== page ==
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Graduation stories: from Formula 1 to distilling gin!

4 December 2014

Andrew Mackenzie came to Abertay at the age of 60 to study on our Professional Masters in Food & Drink Innovation (Packaging & Sustainability) - a brand new course designed to help address the pending skills shortage in the food and drink industry.

He started out as an artist, went on to run his own production company, worked for McLaren at the heart of Formula 1, and is now about to open his own distillery.

Here he tells us how the MProf helped him take his career in a new direction.

Why the MProf at Abertay?

“I originally trained as an illustrator and graphic designer. I went on to work for a number of agencies before co-founding my own production company in London. I left it after some eight years to move on to become Creative Director of the marketing arm of McLaren, and spent an amazing 10 years working at the heart of Formula 1.

“But the F1 life also meant that I was missing so much of seeing my daughter growing up that we decided it was time for a bit of normality, and we moved up to Scotland in 2000. I began lecturing in graphics in Dundee and also project managing some international projects for what was then Dundee College, which later evolved into a full time post.

“I’ve always had a keen interest in food and drink and had often toyed with some business ideas of my own in the back of my mind, and when I heard about the Food and Drink Innovation Masters it sounded just right to enable me to test some of them out and finally put them into practice.”

Life as a mature student

“Although having worked in education for 13 years, coming to Abertay as a student was quite a change! It took me a while to knock the rust off my academic writing skills, but the course was relatively easy on that front to begin with, although really ramping up as the year progressed.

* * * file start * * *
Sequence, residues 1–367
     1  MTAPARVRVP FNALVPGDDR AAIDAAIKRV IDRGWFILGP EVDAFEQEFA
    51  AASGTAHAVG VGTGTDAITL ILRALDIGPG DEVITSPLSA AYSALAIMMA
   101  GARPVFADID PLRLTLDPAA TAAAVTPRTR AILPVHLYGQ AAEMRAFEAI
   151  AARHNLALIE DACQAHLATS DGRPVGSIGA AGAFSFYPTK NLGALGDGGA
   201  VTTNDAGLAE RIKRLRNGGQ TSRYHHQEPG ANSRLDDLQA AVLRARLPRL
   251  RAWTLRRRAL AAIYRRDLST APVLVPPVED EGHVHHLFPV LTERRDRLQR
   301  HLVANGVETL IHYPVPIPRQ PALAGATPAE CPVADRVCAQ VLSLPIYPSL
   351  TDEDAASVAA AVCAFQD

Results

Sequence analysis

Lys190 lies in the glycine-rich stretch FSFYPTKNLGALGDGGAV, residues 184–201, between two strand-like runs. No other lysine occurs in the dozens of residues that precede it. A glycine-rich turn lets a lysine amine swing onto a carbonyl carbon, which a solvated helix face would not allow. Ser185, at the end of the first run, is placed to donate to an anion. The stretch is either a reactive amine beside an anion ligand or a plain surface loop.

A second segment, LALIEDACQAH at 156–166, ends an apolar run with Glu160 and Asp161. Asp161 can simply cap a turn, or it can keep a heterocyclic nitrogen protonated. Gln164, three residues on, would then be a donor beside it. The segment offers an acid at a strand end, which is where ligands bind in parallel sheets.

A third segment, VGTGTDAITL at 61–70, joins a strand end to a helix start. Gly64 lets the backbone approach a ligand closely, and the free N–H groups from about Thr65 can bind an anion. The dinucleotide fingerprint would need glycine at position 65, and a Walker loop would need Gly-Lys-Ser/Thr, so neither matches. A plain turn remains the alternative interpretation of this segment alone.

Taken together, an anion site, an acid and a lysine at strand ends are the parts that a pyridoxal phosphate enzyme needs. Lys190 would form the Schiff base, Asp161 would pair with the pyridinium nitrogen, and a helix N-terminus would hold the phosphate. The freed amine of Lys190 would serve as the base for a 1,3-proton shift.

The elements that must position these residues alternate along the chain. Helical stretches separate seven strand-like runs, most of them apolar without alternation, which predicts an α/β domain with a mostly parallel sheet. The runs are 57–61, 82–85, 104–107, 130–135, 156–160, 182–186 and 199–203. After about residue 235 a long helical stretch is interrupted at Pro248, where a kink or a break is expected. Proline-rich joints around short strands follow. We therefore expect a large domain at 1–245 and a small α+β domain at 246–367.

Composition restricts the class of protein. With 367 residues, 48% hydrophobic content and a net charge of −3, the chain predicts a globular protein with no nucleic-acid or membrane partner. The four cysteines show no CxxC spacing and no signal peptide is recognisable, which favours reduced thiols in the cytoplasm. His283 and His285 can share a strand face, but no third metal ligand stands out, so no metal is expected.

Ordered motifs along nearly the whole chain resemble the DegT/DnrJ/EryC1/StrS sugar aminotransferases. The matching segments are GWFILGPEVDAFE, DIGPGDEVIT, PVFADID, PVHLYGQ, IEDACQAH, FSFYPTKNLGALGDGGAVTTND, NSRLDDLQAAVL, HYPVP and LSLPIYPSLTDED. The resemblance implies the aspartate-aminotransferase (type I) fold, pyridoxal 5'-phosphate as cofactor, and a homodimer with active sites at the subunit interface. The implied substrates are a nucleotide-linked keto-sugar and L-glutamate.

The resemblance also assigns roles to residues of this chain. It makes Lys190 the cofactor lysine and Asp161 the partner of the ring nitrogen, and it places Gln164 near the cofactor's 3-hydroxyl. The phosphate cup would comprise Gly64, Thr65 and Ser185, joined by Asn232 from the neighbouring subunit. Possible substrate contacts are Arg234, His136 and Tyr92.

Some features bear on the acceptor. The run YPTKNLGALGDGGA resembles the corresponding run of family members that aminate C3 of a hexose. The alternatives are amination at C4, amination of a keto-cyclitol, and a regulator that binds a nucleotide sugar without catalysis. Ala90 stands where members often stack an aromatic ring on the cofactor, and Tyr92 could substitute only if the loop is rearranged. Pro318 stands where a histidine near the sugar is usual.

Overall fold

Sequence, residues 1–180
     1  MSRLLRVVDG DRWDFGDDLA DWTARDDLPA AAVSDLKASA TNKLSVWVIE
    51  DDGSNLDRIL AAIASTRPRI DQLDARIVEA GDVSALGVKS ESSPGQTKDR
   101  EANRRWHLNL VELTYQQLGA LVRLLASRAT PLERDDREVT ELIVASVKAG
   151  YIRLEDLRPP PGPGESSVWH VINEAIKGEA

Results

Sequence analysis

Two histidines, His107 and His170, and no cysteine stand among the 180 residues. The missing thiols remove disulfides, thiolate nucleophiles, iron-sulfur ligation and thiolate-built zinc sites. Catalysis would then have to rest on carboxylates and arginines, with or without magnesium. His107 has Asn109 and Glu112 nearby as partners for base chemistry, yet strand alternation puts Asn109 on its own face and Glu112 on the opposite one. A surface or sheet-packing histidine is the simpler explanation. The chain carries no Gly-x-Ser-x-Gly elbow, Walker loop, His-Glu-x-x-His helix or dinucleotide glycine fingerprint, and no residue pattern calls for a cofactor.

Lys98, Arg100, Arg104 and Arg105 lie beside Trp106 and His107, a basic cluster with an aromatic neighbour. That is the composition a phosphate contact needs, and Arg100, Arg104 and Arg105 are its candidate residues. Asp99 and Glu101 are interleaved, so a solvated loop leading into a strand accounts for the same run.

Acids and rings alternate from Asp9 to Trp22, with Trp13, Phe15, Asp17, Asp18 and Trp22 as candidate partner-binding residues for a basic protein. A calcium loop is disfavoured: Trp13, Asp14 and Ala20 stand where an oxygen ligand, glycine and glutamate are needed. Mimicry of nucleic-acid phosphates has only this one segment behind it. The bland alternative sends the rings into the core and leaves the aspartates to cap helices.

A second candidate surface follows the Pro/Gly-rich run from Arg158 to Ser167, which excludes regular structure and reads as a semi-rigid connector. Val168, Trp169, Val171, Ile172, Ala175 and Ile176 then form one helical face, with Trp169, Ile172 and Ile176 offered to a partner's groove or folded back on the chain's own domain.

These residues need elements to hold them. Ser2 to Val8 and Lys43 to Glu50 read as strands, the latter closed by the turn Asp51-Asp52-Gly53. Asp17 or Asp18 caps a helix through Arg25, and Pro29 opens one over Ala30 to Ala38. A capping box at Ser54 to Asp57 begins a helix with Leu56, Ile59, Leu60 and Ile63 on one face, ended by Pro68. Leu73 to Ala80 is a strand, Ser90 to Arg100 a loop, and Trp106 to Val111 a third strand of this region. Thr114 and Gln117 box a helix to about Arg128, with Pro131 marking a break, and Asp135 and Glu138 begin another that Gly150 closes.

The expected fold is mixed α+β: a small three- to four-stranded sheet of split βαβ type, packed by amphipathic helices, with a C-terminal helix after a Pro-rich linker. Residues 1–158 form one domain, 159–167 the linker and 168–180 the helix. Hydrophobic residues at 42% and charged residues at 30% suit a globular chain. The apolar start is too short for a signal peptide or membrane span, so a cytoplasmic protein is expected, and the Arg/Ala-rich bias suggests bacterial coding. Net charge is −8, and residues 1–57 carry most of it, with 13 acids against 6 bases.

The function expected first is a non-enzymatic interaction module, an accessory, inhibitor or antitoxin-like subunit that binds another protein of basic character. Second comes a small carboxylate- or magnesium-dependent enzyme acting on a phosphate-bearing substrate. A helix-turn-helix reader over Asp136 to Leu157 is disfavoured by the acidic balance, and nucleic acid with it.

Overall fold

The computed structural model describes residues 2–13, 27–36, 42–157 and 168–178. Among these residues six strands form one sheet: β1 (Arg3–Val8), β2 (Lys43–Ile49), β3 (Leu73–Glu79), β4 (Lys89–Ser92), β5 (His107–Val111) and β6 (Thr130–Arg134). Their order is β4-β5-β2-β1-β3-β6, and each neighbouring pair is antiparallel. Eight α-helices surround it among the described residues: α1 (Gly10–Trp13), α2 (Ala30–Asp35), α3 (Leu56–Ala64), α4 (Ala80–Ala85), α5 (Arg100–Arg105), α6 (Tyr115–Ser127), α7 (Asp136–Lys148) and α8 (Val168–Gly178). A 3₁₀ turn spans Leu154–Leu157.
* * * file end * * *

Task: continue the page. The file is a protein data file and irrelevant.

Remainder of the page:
“Some aspects of the course covered ground that I’d already gained experience in through my career, which at first I found frustrating as I was keen to press on with my ideas. But I soon learned that revisiting these old skills gave me a fresh perspective on how I could apply them in new ways.

“Coming back to uni has proved enormously helpful in ways I didn’t expect. It let me step back from my future plans and look at them quite objectively, which has really helped in developing them and, hopefully, making them stronger. I would definitely recommend the experience to anyone, of any age, who’s thinking of making a change in their lives.”

Highlights of the course

“I think the extremely strong links with industry is a great strength for the course. The visiting lecturers provided real diversity and breadth to my thinking about our food and where it comes from - in fact it was an early lecture on whisky that led and inspired me to develop an idea to start a distillery.

“The regular field trips that were part of the course enabled us to see a very much ‘behind the scenes’ view of food and drink production and processing. From seeing and learning how coffee is grown, imported and blended to a nose to tail visit to an abattoir, you could get a real feel for the size and breadth of the food and drink industry and how you might best fit into it.

“The course was much more unstructured than I had at first expected, which took me a while to get my head around. I realised that I was going to have to find ways to link the different modules to my own interests, and work to align what it offered with my own ideas. It’s a much stronger approach I now think, and allows people to adapt it to their own needs better.

“Make no mistake, it’s a tough course. But if you do the work (and there were plenty of late nights spent at my computer!) it gives you a fantastic grounding in the food and drink industry and the confidence to feel you can play a part in it.”

Future plans

“From that whisky lecture early in the course, I went on to focus many of my course modules on the various aspects of opening a distillery. I did my final dissertation on the viability of a cocktail gin and doing consumer tests with different mixers. I’m now finalising my business plan for some backers who have shown a lot of interest, and I hope to have a distillery up and running and producing gin by spring – so keep an eye out for Verdant Gin on the offy shelves!”

At the end of the course, Andrew was awarded the Food and Drink Innovation at Abertay Award and the University Prize for Best Postgraduate Student Overall.

Many congratulations are in order, and we wish him all the very best of luck with his distillery!

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